Rockville, MD,
12:56 PM

LVH-Schuylkill Receives HRSA Rural Residency Grant

HRSA awards Lehigh Valley Hospital-Schuylkill $749,859 to increase the rural workforce through the creation of new rural residency programs

Pictured Caption

Pictured from left to right: Drew Keister, M.D., Vice-Chair Education at Lehigh Valley Hospital Network; Lawrence Riddles, M.D., MS, MBA, Regional Chief Medical Officer at Lehigh Valley Hospital-Schuylkill and Lehigh Valley Hospital-Hazelton; Mackenzie Mady, D.O., LVPG Family Medicine-St. Clair; Ivor Lewis, M.D., Associate Medical Director at Lehigh Valley Physician Group; Grant Greenberg, M.D., LVPG Family Medicine

Today, the Health Resources and Services Administration (HRSA) awarded Lehigh Valley Hospital-Schuylkill a $749,859 Rural Residency Planning and Development Program (RRPD) grant. This is part of a larger $20 million distribution across 21 states. Each RRPD recipient receives up to $750,000 over a three-year period to develop new rural residency programs while achieving accreditation through the Accreditation Council for Graduate Medical Education.

“Promoting the health of rural America is one of the Trump Administration’s healthcare priorities,” said HHS Secretary Alex Azar. “Supporting the training of healthcare providers in rural areas through grants like these is a key way to help expand rural access to care, and is part of an overall effort to support rural healthcare in sustainable, innovative, and flexible ways.”The RRPD program, administered by HRSA’s Federal Office of Rural Health Policy (FORHP) and Bureau of Health Workforce (BHW), is part of a multi-year initiative by HRSA to expand the physician workforce in rural areas by developing new, sustainable residency programs in family medicine, internal medicine, and psychiatry. The recipients of the awards include rural hospitals, community health centers, health centers operated by the Indian Health Service, Indian tribes or tribal organizations, and schools of medicine.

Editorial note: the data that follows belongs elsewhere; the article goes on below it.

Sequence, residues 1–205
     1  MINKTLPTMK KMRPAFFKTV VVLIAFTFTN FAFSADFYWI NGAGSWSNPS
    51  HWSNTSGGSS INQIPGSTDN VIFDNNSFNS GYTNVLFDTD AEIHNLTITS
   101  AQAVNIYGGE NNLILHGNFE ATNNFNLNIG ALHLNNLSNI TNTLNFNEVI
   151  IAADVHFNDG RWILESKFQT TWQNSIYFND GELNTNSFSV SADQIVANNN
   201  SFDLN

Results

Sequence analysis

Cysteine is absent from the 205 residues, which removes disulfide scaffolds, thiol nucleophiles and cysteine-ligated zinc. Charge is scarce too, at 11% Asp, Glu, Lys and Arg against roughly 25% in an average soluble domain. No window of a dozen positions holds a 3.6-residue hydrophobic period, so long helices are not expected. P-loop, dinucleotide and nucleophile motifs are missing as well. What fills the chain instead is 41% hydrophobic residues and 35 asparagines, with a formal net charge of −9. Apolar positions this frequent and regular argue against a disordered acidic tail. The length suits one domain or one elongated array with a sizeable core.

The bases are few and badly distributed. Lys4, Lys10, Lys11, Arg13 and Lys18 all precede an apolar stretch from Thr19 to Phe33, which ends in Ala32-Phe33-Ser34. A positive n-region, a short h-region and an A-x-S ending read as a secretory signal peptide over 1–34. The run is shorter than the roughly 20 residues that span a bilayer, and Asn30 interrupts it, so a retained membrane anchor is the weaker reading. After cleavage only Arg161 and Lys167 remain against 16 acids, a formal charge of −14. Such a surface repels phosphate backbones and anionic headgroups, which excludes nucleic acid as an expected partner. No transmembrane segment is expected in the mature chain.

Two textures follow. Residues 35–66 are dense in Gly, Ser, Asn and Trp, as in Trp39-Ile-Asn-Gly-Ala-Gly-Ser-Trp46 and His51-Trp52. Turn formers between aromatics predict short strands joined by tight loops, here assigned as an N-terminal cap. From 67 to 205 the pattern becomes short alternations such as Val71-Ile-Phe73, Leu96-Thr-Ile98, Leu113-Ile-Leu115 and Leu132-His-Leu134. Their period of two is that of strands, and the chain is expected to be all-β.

“The health challenges in rural America are clear: rural communities face a greater risk of poor health outcomes than their urban counterparts,” said HRSA Administrator George Sigounas, MS, Ph.D. “Programs like the Rural Residency Planning and Development grants take aim at one of the most persistent disparities: access to high quality healthcare providers. HRSA is committed to increasing the number of providers serving rural communities and improving health in rural America.”

“Today is an important day for rural health care in Pennsylvania,” said Lawrence Riddles, MD, Regional Chief Medical Officer at Lehigh Valley Hospital-Schuylkill and Lehigh Valley Hospital-Hazelton. “We have an aging physician population in Pennsylvania and especially in Schuylkill County. Statistics show that many medical residents choose to practice close to where they did their residency. So this is a great opportunity to introduce this area to Family Medicine residents and help create our next generation of care providers for our community.”

Rural residency programs often face challenges in securing sustainable financing and faculty support. The RRPD grant award funding will help recipients address these challenges.

"Training residents in rural areas is one strategy shown to successfully encourage graduates to practice in rural settings," said HRSA Associate Administrator for FORHP Tom Morris. “The rural residency grants set up these 27 future residency programs for success.”

“We know that clinicians who train in rural settings are more likely to continue to practice there after they complete their residencies,” said HRSA Associate Administrator for BHW Dr. Luis Padilla. “Rural communities are more likely to have a shortage of health professionals. The rural residency grants are one more way HRSA is helping to expand the health workforce and increase access to quality healthcare for these communities.”

To review a complete list of all grant recipients visit

For more information about rural health policy issues visit

To learn more about HRSA’s healthcare workforce programs, visit